Gas lines in Michigan?
The action was taken in light of the shutdown of a fuel pipeline in Wisconsin and a fire at a Marathon refinery in Detroit.
“We want to make sure the fuel Michiganders need for their travels to work, school or a long weekend trip is available,” Snyder said in a statement. “This executive order will help ensure there are no artificial shortages of fuel impacting the state’s residents or visitors.”
The order is in effect until June 6.
Snyder’s action, though, is probably more based in political prudence than in any notion of reality, said Patrick DeHaan, a senior petroleum analyst at GasBuddy. The executive order ensures that if there is a supply issue, truckers can make a longer haul.
“Motorists become much more price sensitive as we approach Memorial Day, and to see gas prices go up, they get very angry,” DeHaan said. “But there is nothing so severe in my mind that we are going to see gas shortages. High prices, yes. Gas shortage, no.”
Michigan, Ohio and Indiana have seen the biggest price per gallon fuel jumps in the nation so far this year, according to GasBuddy, ranging from 66 cents in Ohio to 55 cents in Indiana.
The notion of a gas shortage takes many Americans back to the '70s, when drivers waited in line for hours to fill up during an oil embargo by key oil-producing countries in the Middle East.
While that’s unlikely during what has been one of the most prolific booms in oil production history in the U.S. over the last five years, some parts of the country have felt gas shortages this month.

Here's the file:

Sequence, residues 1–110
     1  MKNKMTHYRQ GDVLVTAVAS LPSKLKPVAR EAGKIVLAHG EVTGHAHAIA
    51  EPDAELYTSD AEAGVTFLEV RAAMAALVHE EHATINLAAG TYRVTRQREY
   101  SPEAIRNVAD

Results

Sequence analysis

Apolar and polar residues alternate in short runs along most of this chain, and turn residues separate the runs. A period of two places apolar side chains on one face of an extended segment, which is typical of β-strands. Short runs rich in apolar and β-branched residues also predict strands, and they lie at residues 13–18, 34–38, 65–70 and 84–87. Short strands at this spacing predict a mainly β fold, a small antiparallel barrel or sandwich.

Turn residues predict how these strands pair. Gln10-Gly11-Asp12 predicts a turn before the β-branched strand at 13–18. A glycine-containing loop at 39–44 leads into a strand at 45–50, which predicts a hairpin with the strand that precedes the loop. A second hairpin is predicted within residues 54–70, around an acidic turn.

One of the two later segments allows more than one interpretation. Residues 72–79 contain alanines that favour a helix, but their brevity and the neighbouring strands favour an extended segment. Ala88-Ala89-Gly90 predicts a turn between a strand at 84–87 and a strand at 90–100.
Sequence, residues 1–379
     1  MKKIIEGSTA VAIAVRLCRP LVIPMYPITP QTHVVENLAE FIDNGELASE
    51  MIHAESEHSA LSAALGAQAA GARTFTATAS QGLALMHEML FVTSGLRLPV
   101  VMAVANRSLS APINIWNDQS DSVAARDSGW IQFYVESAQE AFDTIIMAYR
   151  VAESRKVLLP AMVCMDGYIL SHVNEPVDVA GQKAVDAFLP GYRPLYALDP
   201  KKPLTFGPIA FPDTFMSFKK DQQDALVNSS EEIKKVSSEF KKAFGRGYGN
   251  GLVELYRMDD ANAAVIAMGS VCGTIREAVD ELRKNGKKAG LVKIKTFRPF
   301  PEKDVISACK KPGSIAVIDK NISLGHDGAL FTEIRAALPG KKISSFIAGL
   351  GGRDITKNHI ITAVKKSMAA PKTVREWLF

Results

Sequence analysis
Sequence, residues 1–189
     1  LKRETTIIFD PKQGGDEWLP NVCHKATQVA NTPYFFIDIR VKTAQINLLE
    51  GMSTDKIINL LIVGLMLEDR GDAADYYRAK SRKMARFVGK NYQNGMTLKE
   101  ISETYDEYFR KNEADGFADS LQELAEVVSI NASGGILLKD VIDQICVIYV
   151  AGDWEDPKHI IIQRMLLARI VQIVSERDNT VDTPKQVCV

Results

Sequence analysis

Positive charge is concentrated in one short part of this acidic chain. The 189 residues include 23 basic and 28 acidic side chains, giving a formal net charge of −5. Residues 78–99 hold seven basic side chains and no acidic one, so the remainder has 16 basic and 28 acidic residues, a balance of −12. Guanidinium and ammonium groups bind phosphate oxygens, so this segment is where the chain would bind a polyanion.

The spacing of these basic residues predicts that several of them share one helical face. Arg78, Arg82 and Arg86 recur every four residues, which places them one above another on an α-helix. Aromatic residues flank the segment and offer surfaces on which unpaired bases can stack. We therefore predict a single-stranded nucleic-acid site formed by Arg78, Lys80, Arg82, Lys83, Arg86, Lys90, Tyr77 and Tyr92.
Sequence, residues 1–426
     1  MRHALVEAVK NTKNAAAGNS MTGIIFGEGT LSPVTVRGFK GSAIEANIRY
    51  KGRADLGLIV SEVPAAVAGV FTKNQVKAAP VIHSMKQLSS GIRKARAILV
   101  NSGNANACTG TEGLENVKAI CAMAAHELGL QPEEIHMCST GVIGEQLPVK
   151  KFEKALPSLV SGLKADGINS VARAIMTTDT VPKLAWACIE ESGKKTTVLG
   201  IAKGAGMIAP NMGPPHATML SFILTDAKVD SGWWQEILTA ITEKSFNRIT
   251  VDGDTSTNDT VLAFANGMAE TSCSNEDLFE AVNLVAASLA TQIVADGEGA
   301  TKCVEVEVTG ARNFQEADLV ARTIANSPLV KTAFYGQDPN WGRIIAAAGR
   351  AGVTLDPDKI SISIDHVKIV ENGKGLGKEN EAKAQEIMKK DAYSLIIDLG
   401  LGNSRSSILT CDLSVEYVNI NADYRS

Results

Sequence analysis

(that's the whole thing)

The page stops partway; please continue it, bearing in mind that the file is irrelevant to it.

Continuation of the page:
Wisconsin Gov. Scott Walker declared an emergency on May 6, after the closure of a primary pipeline running between Milwaukee and Green Bay. Like that of Gov. Snyder, the order loosened regulations regarding the length of time a trucker may be on the road.
In his order, Walker said the “… Shortage of petroleum products in the Green Bay area poses serious risks to the health, welfare and economic well-being of the citizens of this state …”
Gas stations around Atlanta ran out of gas during the second weekend of May, due to pipeline work that delayed shipments. The deficit was remedied in a few days.
Shortages in the U.S. in recent years have been linked to refinery breakdowns and storms, and have been relatively rare and short-lived.
Canada, though, has seen shortages intermittently over the years. Most recently, wildfires in the province of Alberta early this month hampered oil production facilities, stoking fears of gas shortages.
GasBuddy analyst Dan McTeague, in an interview with the Calgary Sun, speculated on possible resolutions if a shortage took hold. One bit of insight: Don’t look to the U.S.
“It would have to be a situation where there is not enough oil and no import options,” McTeague said. “Can we import from the U.S.? Possibly, but U.S. demand for gasoline is at an all-time high, so the timing on this is bad.”
Drivers in Nova Scotia in September experienced waits that were several cars deep, after a refinery was forced to turn away some shipments of fuel that did not meet its standards.
In the U.S., “things are tight, and several [supply outlets] are under duress,” DeHaan said. “The numbers show that there is nothing brewing but a supply crunch, which can mean high prices.“